When it comes to the Olympics, there is no shortage of astonishingly honed bodies doing incredible, improbable things for us to admire. Along with their remarkable stamina, talent and commitment, it is the athletes’ bodies that mesmerize. They telegraph, “We are not like you.” The long-limbed runners, god and goddess-like divers and Amazonian female volleyball players astonish us with their abilities—and the way that they look.
As we gaze upon their remarkable bodies, we may all, to some extent, rehearse what psychoanalysts and film and social theorists have termed “scopophilia.” The word, often used interchangeably in social theory with “visual pleasure,” is a translation of Freud’s term schaulust, a love of looking and watching that he believed all children feel. This impulse, Freud suggested, was normal and could be sublimated into, say, an appreciation of art or, if not sublimated, could become a fetish or fixation.
Film and social theorists have further suggested that scopophilia is “gendered,” with men as bearers of “the gaze,” and women its (passive) recipients. In movies, soap operas, beauty pageants or even day-to-day life on the street, they suggest, we see a demonstration of all the ways women are uniquely “to-be-looked-at” in our culture and have a special, privileged relationship to display. Hence the billions of makeup and fashion options for women, while men just get shaves and wear suits. Hence, the Peep Show. And so on.
At the Olympics, where opportunities for scopophilia abound, it is perhaps female figure skating in the winter games, and women’s gymnastics in the summer ones that provide the most compelling and sumptuous visual pleasures of all. The sparkly, figure-hugging outfits telegraph “pin up girl” and “athlete” at the same time. Most recently, “The Fierce Five” (a term they are said to prefer to “The Fab Five”) was in our sights. The U.S. women’s gymnastics team vaulted (and balanced and tumbled and uneven parallel-barred) their way to the gold after a much ballyhooed moment when team member Jordyn Wieber learned she would not be able to compete as an “all-around” and broke down in tears. She and her teammates are clear winners in every way, not least of all because theirs is a delicate cultural balance. Like figure skaters, gymnasts must embody “femininity” and “artistry” while also being full-on, all-out, aggressively athletic jocks. They must be graceful and attractive and telegenic, and also have killer competitive instincts, macho tumbling skills, and the fearlessness to push their bodies to do dangerous and counter-intuitive stunts.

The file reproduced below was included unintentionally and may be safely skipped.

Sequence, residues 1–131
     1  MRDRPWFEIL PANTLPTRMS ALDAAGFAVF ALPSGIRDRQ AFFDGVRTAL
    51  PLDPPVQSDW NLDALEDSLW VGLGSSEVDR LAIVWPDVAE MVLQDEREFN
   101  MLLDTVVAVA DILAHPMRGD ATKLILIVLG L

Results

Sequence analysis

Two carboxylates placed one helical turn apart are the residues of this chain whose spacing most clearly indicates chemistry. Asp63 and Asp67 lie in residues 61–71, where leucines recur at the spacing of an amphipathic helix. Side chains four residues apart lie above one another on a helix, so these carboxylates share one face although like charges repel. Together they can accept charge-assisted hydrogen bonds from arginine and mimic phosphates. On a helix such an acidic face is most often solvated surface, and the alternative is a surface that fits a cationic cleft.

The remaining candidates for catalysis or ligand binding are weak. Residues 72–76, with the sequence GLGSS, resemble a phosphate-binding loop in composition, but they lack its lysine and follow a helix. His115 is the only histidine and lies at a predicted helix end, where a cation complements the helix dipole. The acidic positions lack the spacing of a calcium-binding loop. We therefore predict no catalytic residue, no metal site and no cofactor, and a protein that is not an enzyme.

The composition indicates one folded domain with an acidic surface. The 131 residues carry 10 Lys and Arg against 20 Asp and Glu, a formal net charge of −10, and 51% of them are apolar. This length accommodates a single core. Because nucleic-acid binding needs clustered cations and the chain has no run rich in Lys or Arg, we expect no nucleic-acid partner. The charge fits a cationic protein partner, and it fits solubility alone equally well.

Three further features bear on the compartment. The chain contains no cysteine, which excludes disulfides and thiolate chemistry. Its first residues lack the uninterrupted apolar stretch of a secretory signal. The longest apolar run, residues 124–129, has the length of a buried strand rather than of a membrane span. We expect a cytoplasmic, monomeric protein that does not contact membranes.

Their mind-boggling flexibility, the hyperextension of their arched backs, their graceful calf muscles all telegraph a to-be-looked-at-ness that men and women alike may well enjoy, it is true. But we also love that these Olympiads are strong, competent, and too tough to crack under pressure. In this way suggests Rachel Blakeman, JD., LCSW-R, a psychoanalyst and psychotherapist in Manhattan who has worked with a number of female competitive athletes, actors and models, the Fierce Five are Everywoman….times a million:
“Many women struggle with maintaining a sense of themselves as feminine while embracing the aggressive and competitive strivings that allow them to succeed. Women grapple with reconciling the cultural perceptions of femininity while success in certain areas of their lives requires them to engage in activities that are traditionally considered masculine. The Olympic gymnasts must literally embody all of these traits at all times. There is no room for internal conflict when pursuing a goal like the Olympic gold medal.”
So when you see Gabby Douglas or Kyla Ross looking pretty in a shampoo commercial down the line, don't be fooled.